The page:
At the time, some Mormon farmers couldn’t afford to pay workers for harvesting, so their crops would rot in the field, says Kate Holbrook, a historian with the LDS Church History Department. Harold B. Lee, a regional religious leader at the time, came up with an idea: Put unemployed men to work harvesting the crops, split the yield with the farmer, and use the extra to feed the many hungry.
By 1936, church official J. Reuben Clark had expanded Lee’s scheme into a formalized, church-wide welfare system that acted as an ecclesiastical alternative to Franklin D. Roosevelt’s “dole.”
Today, the modern Mormon welfare-farm system reflects that self-reliant ethic. In 2013, manned in part by volunteers, church-owned welfare farms produced approximately 83 million pounds of wheat and dry beans, 20 million pounds of row crops (e.g., sugar beets), and 6 million pounds of fruit. This food is processed at church facilities, mostly by volunteers, and distributed via the bishops’ storehouses. To fund the system, observant Mormons fast on the first Sunday of each month and donate the amount they would have spent on food.
“People gain a lot of blessings—satisfaction, whatever you want to call it—from working for free to feed somebody in need,” Sperry says.
Mormons—along with the rest of the American population—have largely relocated from rural to urban areas in recent decades. And like much of agriculture, the welfare farms have become less local and more industrialized. “There’s less involvement by lay members in harvesting operations,” Cannon says. “The church has moved to a model with more corporate farms.”
With these shifts, working the land has been imbued with spiritual significance (and more than a little nostalgia). Spencer W. Kimball, president of the church in the 1970s and 1980s, encouraged Mormons to grow their own food—even just potted tomato plants on an apartment balcony.
The church leader, who’d grown up on a farm, held a conviction that “something had been lost when Mormons left the countryside,” says Cannon. “More than economics, it had to do with a work ethic and a spiritual value.”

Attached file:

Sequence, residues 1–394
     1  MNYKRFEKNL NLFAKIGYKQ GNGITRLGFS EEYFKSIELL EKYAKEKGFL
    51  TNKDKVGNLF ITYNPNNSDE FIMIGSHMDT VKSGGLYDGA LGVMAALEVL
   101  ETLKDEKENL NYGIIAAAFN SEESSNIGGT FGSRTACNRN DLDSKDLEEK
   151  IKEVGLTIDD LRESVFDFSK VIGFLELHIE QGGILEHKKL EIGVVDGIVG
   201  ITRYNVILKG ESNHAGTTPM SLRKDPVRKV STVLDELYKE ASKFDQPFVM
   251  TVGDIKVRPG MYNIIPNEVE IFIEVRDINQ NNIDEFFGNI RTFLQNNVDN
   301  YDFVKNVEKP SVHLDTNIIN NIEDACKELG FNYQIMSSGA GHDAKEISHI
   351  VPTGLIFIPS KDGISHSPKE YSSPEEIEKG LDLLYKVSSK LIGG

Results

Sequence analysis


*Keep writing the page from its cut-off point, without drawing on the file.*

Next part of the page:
Kimball often cited the so-called “law of the harvest”–“As you sow, so shall you reap.” This New Testament passage has since become a Mormon mantra, linking farming with LDS’ beliefs about personal responsibility and spiritual rewards.
“When you farm, you learn that when you plant something and tend to it, you get a good product,” Holbrook observes. “Doing things like going to church, reading your scriptures, and serving your neighbor is the spiritual equivalent to planting your seeds in rich soil: you’re going to become a better, more loving, closer-to-God kind of person.”
It’s another lesson Larsen hopes his daughters learn from their brief stints as bean farmers.
“I don’t expect the concept to sink in at their ages, but I think the experience will provide a springboard for discussion throughout their lives,” he says. “Farming teaches a spiritual principle through physical means. If we make bad choices, that’s going to have negative consequences. If we plant beans, we’re not going to get corn.”
Photos, from top: North Ogden Utah Peach Orchard, The Salt Lake City Bishops storehouse, The Magna Welfare Farm (see more pics of this farm). All are used here courtesy of the The Church of Jesus Christ of Latter-day Saints.